Top Bayer shareholder won’t back management amid Monsanto mess: report

Werner Baumann
As Bayer was dealt with Roundup legal defeats and reputational damage, Chairman Werner Baumann could face a vote a no confidence from its top investor BlackRock, Reuters reported. (Twitter)

Things could get awkward for Bayer CEO Werner Baumann at his company's upcoming annual general meeting on Friday.

There, investment firm BlackRock, which holds 7.2% of Bayer’s voting rights, plans to either abstain from or oppose a key vote on Bayer management's performance last year, Reuters reports, citing two people familiar with the matter.

The reason? The legal fallout from its mammoth Monsanto deal. The symbolic move “will send a message to the board” that the German drugmaker's top investor is not happy with how Bayer handled the acquisition, one of the sources told the news service.

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The news came just shortly after a report from Bloomberg that Bayer shareholder and corporate governance expert Christian Strenger filed a motion stating that members of the supervisory board not be discharged of responsibility. Specifically, the former CEO of DWS Investment is not happy about how the board handed Baumann a cash bonus boost, even though his total pay slid 17% to €5.3 million—far below his Big Pharma peers.

Top proxy advisers Glass Lewis and Institutional Shareholder Services (ISS) also recommended a vote of no confidence in Baumann and the management, according to Bloomberg. While Glass Lewis also backed Strenger’s course, ISS didn’t recommend a “no” vote for the supervisory board, but it did criticize the pay increase when Bayer faces “unprecedented potential financial and reputational damage,” as quoted by Bloomberg.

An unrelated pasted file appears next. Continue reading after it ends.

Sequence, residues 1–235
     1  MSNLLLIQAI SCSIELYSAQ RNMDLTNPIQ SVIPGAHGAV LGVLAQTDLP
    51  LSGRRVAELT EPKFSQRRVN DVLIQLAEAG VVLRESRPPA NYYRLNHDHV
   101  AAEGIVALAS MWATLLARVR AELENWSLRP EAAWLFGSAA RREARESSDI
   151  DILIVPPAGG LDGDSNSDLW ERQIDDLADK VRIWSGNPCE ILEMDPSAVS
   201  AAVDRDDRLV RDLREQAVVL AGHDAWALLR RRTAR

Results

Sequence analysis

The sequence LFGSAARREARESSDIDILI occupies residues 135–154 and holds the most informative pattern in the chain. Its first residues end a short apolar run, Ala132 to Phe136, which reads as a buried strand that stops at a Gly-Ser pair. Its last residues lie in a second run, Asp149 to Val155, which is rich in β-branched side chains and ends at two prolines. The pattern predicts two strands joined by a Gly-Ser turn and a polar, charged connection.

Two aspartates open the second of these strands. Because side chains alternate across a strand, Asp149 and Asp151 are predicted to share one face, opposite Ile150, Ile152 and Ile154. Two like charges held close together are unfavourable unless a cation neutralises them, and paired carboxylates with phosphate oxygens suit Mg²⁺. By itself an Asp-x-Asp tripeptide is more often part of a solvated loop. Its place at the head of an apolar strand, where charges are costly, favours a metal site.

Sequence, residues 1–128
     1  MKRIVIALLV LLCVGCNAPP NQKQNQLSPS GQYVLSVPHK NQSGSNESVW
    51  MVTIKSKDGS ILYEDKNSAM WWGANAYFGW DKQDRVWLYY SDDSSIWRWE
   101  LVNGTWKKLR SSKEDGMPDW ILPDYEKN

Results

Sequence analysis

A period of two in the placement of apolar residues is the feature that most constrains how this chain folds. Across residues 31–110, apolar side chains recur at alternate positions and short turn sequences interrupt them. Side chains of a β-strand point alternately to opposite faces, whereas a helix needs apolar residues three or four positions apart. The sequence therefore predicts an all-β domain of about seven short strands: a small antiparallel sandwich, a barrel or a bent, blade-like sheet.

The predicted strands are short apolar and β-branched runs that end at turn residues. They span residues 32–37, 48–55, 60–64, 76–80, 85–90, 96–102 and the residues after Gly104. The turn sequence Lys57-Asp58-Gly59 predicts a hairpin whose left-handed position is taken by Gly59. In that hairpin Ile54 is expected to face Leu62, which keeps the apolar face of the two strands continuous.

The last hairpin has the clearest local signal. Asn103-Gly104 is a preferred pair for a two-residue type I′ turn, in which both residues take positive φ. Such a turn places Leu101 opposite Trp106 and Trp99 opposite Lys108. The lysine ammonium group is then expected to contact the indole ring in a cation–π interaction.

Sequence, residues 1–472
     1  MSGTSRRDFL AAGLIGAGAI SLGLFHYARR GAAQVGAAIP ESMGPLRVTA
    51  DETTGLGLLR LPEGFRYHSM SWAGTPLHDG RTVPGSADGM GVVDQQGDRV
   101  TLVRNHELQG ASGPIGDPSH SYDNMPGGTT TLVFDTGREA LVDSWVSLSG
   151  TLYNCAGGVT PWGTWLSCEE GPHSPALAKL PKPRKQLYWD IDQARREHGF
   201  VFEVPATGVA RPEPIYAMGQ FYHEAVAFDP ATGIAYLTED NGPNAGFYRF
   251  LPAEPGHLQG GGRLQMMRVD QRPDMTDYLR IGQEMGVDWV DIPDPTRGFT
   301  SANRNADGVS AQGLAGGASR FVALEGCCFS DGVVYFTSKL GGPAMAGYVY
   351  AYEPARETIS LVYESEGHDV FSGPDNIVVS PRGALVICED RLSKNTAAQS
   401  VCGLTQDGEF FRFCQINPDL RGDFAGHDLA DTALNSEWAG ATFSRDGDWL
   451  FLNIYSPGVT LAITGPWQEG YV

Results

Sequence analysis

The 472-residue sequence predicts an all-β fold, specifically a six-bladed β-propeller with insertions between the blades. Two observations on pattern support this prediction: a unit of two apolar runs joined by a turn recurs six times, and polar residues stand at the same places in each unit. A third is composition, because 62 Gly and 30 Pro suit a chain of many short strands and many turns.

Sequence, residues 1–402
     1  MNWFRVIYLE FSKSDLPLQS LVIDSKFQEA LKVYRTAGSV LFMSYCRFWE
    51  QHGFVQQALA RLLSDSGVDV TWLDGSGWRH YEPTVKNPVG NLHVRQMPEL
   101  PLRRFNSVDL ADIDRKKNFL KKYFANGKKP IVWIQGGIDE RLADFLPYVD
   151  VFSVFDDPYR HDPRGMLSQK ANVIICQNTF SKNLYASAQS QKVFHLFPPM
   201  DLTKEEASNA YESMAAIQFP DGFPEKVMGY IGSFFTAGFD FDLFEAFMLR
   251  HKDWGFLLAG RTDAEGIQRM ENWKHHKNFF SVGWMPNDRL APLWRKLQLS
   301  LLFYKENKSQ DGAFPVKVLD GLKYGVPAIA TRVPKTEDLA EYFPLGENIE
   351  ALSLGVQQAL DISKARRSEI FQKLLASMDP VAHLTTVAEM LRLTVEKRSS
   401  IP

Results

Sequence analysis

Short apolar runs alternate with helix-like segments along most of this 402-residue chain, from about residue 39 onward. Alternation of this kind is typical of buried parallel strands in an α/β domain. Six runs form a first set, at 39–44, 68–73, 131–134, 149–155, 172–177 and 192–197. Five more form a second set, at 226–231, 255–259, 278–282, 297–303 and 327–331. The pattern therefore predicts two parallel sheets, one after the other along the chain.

RELATED: Bayer's $80M Roundup verdict raises odds of a multibillion-dollar settlement: analyst

The “damage” and BlackRock’s dissatisfaction both stem from Bayer’s Monsanto buyout, and along with it, the legal risks linked to the Roundup weedkiller’s alleged cancer risk.

Recently, in a key bellwether trial, a U.S. federal jury in San Francisco found Bayer liable for plaintiff Edwin Hardeman’s non-Hodgkin lymphoma and awarded him $80 million in damages. Bayer said it plans to appeal, as it is doing with a California state suit that awarded the plaintiff $78 million. Still, there are more than 11,200 other similar suits, according to Bayer’s last tally.

Despite the trial failure, Baumann has reportedly said the management team still has the supervisory board’s backing. According to Reuters, Bayer’s nonexecutive chairman, Werner Wenning, was himself behind the Monsanto transaction.

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